Top 10 CDs of 2010

10. Todd Burge and The Odd Urges -- Distraction Packed

Todd Burge, “the dean” of West Virginia songwriters, as Mountain Stage host Larry Groce called him, debuted his new band The Odd Urges with “Distraction Packed,” following up on his last solo effort, 2008’s “My Lost and Found.” With his friend Billy Matheny (plus Joseph Hale and Rodney Crihfield) coming along for the ride, Burge takes listeners on a pretty wild (sometimes sad) ride through middle age over the course of ten songs worth of Americana, alt-country, and rockin’ folk flavored ditties. More than anything, Burge’s intelligent lyrics and witty word play keep the songs in your head months after hearing them.

Standout tracks: “Live it Up,” “I’m a Shark,” “Intervene,” “Whiskey Heaven”

--- Read the review here

9. Librarians -- Present Passed

The 10-song sophomore release from this Morgantown-based “baroque pop” four-piece sounds like no other CD we’ve got at WVRockscene this year, or years past. Sometimes approaching new wave (“Cranberry Palace,” “Hard To Unwind”) with some trippy acoustic-based material (“Candy Season”) thrown in but mostly always sung in hushed tones ala Leonard Cohen, these guys (Trey Curtis, Ryan Hizer, Billy Parsons, Kyle Vass) have a sound that isn’t exactly something you’d hear on the radio, and that’s what makes it great.

Standout tracks: “Candy Season,” “Cranberry Palace,” “Hard To Unwind,” “Kid Stuff”

--- Read the review here

8. Pat Pat -- Wizard of This

This new Morgantown-based trio, led by It’s Birds’ Brian Spragg, lay down nine songs of high energy post-punk indie rock (and sometimes grungy) type songs on one of the better debuts of 2010. Like he did on It’s Birds 2010 release “My Bloodless Wife,” Spragg incorporates a lot of challenging chord progressions and changes into the songs. But on the whole, the songs on “Wizard of This” are just a little more catchy. Not sure what Pat Pat (named after bassist Patrick Spragg?) are wizards of, exactly, but the tunes are rockin’.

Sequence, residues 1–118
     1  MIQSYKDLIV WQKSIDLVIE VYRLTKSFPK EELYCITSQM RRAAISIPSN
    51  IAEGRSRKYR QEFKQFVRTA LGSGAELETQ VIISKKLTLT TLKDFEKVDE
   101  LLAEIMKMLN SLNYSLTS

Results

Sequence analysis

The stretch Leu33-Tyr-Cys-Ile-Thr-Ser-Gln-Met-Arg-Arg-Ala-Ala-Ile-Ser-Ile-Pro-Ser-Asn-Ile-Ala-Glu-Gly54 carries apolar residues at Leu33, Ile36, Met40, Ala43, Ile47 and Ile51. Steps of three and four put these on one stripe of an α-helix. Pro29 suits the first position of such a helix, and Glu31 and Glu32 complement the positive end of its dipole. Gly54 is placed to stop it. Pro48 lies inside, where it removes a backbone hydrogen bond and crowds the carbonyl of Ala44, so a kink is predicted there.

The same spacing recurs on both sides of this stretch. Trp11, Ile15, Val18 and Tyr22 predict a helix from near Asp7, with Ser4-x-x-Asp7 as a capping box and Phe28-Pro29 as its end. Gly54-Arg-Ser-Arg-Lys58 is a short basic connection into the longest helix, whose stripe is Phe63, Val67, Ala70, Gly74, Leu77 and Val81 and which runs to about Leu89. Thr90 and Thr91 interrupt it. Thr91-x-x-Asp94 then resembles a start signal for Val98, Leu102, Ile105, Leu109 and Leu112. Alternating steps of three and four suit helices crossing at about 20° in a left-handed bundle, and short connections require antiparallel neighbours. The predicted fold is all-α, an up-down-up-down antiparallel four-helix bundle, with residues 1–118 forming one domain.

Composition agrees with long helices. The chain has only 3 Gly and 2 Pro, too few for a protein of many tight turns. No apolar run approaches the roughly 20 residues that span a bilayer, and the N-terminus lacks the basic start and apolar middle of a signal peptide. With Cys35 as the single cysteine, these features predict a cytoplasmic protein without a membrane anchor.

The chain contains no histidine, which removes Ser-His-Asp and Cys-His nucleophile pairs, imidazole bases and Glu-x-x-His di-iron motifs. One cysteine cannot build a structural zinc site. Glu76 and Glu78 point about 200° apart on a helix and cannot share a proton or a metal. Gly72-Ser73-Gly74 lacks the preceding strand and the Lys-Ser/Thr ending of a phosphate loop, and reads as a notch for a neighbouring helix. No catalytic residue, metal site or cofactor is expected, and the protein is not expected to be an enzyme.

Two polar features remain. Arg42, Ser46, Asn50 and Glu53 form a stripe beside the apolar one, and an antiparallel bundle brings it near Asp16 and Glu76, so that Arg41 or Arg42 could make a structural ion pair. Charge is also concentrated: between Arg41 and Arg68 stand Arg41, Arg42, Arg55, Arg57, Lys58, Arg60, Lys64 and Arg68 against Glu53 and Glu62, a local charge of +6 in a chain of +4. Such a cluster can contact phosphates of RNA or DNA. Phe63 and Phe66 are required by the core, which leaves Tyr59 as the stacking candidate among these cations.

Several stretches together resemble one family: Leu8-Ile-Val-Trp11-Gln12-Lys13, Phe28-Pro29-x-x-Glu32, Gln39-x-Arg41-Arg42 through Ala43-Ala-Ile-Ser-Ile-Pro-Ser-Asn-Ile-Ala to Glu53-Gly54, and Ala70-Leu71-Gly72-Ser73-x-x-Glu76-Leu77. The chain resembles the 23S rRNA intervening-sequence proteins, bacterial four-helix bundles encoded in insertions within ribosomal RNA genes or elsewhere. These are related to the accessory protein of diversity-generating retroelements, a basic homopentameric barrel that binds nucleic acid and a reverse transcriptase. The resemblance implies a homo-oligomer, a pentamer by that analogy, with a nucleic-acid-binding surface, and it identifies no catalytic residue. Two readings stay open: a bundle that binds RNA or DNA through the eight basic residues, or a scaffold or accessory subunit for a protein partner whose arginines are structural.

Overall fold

Standout tracks: “Windham,” “WOEFAS,” “Dup,” “The Wavemaker Falters”

--- Read the review here

7. The Demon Beat -- 1956

Lyrically an ode to Carl Perkins, but with their own version of distorted, bluesy garage rock, this Shepherdstown-based trio sneaks into the top 10 with “1956,” not so surprisingly considering their previous material. Recorded over a few days during November and fittingly enough, mastered in Nashville, The Demon beat continue to expand their musical boundaries and explore new ground, conceptually. Not even 40 minutes long, “1956” is laid out in five movements, meant to be listened to as a record; talk about rolling back the clock. Singer-guitarist Adam Meisterhans still has his alternately soulful, guttural singing, as he tells Perkins’ story in his own words throughout. Everybody who loves rock and roll has pretty much fell in love with these guys, and this release will further extend the love affair.

--- Read the review here

6. Attack Flamingo -- Exit Anthem